NEWARK, Del. — After years of speculation over the future of College Square, its owner on Thursday unveiled an ambitious plan to transform the aging shopping center into a mixed-use complex that includes retail and residential space.
Frank J. Vassallo IV, president of Fusco Management, pitched the project as a “walkable, bikeable, active lifestyle community.”
“This is part of the whole eastern gateway into Newark, and we think it’s going to be quite the destination,” Vassallo said.
The plan, which requires approval from city council, calls for two four-story buildings containing 299 apartment units.
Michael Hoffman, an attorney for the project, said Fusco has teamed with Pennsylvania-based real estate company CornerstoneTracy to build the apartments, which he said will be marketed toward young professionals and empty-nesters.
The total retail space will be approximately 325,000 square feet, down from the current 360,000 square feet.
“This is the re-creation of a place,” said CornerstoneTracy partner Donald A. Tracy.
The north side of College Square – where Acme and the former Sears Hardware are – is currently being renovated and will remain. The southern portion of the site will retain some retail space where Kmart currently stands, while the apartments will be built in the southeast quadrant of the site.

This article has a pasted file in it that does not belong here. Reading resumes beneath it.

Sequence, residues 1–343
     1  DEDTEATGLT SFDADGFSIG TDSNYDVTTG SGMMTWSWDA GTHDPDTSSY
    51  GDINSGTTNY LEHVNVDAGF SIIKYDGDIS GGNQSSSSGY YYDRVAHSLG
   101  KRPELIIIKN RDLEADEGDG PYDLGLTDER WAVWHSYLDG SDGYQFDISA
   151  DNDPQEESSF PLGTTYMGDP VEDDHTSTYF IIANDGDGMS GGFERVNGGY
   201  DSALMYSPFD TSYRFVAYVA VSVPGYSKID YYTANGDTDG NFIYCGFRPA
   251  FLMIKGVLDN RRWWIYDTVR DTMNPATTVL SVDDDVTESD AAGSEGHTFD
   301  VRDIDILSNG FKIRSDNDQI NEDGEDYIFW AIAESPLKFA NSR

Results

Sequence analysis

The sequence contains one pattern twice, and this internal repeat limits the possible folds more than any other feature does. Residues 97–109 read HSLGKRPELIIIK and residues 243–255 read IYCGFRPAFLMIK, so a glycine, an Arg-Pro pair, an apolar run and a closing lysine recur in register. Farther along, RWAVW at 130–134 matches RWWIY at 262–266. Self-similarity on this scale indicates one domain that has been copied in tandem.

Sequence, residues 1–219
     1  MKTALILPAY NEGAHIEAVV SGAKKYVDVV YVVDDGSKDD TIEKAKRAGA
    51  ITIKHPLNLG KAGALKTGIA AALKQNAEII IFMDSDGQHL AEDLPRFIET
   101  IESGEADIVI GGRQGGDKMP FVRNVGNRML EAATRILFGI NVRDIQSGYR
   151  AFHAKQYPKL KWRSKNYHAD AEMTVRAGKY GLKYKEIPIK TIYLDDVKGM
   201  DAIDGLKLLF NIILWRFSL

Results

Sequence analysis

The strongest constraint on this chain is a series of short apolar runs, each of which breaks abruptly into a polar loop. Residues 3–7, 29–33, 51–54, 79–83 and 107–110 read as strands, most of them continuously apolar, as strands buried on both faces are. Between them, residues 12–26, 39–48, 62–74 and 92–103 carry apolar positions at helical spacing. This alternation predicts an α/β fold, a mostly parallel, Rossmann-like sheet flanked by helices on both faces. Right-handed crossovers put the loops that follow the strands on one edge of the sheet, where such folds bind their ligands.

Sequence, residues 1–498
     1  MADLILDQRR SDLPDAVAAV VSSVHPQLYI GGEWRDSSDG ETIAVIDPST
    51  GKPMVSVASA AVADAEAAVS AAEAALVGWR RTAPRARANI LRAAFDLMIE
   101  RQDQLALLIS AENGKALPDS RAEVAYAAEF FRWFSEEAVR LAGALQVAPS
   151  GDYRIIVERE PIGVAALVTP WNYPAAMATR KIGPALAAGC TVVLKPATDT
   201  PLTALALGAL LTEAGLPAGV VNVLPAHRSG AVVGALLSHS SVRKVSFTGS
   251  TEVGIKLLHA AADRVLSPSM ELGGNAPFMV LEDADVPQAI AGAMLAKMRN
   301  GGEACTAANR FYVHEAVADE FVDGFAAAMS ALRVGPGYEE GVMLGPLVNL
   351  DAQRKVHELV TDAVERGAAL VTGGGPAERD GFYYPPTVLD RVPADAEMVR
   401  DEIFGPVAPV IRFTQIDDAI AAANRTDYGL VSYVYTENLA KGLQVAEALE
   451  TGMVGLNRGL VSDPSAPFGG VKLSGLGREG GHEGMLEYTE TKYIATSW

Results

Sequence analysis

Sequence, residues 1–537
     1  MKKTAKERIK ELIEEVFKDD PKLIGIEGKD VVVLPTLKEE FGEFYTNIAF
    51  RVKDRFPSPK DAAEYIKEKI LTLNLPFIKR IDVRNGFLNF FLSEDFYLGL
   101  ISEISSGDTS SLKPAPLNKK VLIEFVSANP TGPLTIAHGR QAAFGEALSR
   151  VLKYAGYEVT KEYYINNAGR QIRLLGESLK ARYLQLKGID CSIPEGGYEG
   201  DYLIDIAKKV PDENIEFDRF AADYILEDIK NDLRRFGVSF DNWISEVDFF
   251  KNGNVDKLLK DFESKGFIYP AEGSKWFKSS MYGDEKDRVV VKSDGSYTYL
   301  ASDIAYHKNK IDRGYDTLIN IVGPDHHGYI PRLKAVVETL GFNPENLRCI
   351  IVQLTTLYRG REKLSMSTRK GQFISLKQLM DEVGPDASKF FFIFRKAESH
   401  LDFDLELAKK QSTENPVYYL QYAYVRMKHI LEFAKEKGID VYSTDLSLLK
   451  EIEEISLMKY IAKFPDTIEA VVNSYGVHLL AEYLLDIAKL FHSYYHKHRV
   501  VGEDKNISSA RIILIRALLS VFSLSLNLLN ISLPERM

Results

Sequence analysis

As has long been discussed, Fusco will extend Delaware Avenue through the shopping center to Marrows Road. The road will be lined with restaurants and other retail space, and a grassy center island will provide a focal point of the project and also serve to calm traffic.
“If you just have a thoroughfare, you’ll disconnect this portion of the site from this portion,” Hoffman said. “We wanted to find a way to have the connection but also make sure it’s still integrated as a unified site.”
Another road will provide an entrance from Wyoming Road and give cyclists an easy connection to the James F. Hall Trail.
The plan also calls for grassy areas and landscaping between the apartment buildings, surrounding the WSFS Bank and in other areas.
“It reintroduces green space, community gathering space, trees and plantings into what is currently a sea of asphalt,” Hoffman said.
Apartments aimed at non-student tenants
The apartment buildings are almost certain to be the most scrutinized aspect of the redevelopment project, but Hoffman said residential space is a central component of the plan to breathe new life into College Square.
“The key is creating a destination as opposed to just a stopping place,” Hoffman said.
He emphasized that while developers can’t legally restrict apartments to a certain population, CornerstoneTracy will design the project for young professionals and residents looking to downsize – not students.
“They are not in the student housing business,” Hoffman said.